Lect no.1 a introduction to virology-gen.prop and class
INTRODUCTION TO VIROLOGY GENERAL PROPERTIES AND CLASSIFICATION Dr. FaroukAssistant Professor of Medical Virology firstname.lastname@example.org
GENERAL PROPERTIES OF VIRUSES EducationalObjectivesGeneral: 1. To familiarize you with the structural components of the virus, which can act as antigens during the infection process. 2. To emphasize the unique nature of viral nucleic acid and its role in the infection process. 3. To familiarize you with the morphological types of virus in order that this information can be used in making a diagnosis. 4. To develop an understanding of the virus replication cycle in order to appreciate how the physician can interrupt this cycle.
General properties and classification ofviruses Three main properties distinguish viruses from other microorganism.1- Small size. - Virus 10 - 300 nm. - Bacteria 1000 nm. - Erythrocyte 7500 nm.2- Genome. - DNA or - RNA3- Metabolically inert. They are totally dependent upon a living cell.
Growth Whether Division Whether Whether they Their on they have by binary they have have sensitivity to artificial both DNA fission ribosomes muramic acid antibiotics media and RNABacteria Yes Yes Yes Yes Yes YesMycoplasma Yes Yes Yes Yes No YesRickettsia No Yes Yes Yes Yes YesChlamydia No Yes Yes Yes No YesViruses No No No No * No No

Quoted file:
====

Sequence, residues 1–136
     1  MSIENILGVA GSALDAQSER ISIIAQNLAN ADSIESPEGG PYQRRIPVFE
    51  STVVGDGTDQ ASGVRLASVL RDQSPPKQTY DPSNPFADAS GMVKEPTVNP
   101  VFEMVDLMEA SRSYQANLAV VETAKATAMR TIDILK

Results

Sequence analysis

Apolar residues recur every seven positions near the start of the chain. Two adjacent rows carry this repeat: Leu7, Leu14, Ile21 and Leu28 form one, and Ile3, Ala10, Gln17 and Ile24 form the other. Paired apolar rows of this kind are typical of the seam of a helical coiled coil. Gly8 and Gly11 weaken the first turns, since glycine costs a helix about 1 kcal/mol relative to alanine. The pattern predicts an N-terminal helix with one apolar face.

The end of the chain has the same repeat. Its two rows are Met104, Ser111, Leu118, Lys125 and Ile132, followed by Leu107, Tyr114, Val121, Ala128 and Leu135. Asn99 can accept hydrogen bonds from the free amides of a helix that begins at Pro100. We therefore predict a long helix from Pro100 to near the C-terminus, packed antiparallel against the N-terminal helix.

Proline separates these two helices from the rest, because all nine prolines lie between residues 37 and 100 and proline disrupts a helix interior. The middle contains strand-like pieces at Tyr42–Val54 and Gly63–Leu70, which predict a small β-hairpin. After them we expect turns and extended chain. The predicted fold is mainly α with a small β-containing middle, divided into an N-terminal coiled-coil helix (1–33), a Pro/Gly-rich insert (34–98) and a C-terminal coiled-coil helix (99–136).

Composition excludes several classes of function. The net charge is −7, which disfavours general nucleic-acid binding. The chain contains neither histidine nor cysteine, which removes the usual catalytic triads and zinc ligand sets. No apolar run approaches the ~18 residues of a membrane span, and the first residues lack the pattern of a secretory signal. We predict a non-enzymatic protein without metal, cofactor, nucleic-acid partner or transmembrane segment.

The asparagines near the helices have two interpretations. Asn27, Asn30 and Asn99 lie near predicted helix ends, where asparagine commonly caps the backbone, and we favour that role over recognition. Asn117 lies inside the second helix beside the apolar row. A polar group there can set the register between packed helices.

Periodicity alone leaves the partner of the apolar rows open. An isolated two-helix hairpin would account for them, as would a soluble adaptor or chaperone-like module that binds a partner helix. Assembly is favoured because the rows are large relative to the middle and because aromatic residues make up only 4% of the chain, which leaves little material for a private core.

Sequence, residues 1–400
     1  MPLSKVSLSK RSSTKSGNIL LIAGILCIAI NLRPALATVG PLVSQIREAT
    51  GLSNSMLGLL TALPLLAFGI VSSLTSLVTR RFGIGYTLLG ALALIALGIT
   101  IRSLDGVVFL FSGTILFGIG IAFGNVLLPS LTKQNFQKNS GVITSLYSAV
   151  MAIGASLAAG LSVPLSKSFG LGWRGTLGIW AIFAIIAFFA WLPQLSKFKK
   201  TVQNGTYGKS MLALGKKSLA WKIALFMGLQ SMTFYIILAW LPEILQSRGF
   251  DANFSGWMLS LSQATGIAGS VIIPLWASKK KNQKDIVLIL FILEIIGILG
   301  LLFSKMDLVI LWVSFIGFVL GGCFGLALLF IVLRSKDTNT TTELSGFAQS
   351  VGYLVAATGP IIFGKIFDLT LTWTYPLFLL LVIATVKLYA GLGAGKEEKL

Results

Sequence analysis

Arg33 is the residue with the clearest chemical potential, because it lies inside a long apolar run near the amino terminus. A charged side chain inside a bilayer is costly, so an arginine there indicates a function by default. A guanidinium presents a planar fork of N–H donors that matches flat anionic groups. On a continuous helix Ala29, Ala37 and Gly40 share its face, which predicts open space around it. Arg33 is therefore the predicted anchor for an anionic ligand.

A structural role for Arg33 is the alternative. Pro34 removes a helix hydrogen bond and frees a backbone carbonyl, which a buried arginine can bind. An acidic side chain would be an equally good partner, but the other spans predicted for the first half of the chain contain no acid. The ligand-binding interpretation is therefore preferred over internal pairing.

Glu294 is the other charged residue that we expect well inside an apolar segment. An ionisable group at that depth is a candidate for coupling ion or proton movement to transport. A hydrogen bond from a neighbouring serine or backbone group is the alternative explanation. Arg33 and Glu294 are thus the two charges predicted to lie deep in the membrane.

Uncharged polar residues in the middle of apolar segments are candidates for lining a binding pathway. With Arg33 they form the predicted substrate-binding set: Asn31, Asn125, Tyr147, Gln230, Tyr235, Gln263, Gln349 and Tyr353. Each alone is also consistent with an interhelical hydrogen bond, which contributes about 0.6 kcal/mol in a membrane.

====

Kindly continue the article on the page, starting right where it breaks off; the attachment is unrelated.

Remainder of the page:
Structure of viruses.The structure which make up a virus particle areknown as: - Virion - the intact virus particle. - Capsid - the protein coat. - Capsomeres - the protein structure units of which the capsid is composed. - Nucleic acid - Carrying genetic information. - Envelope - the particles of many viruses are surrounded by a lipoprotein envelope containing viral antigens.
Factors which affect host range include:i) Whether the virus can get into the.host cellii) If the virus can enter the cell, is theappropriate cellular machinery availablefor the virus to replicate?iii) If the virus can replicate, caninfectious virus get out of the cell andspread the infection?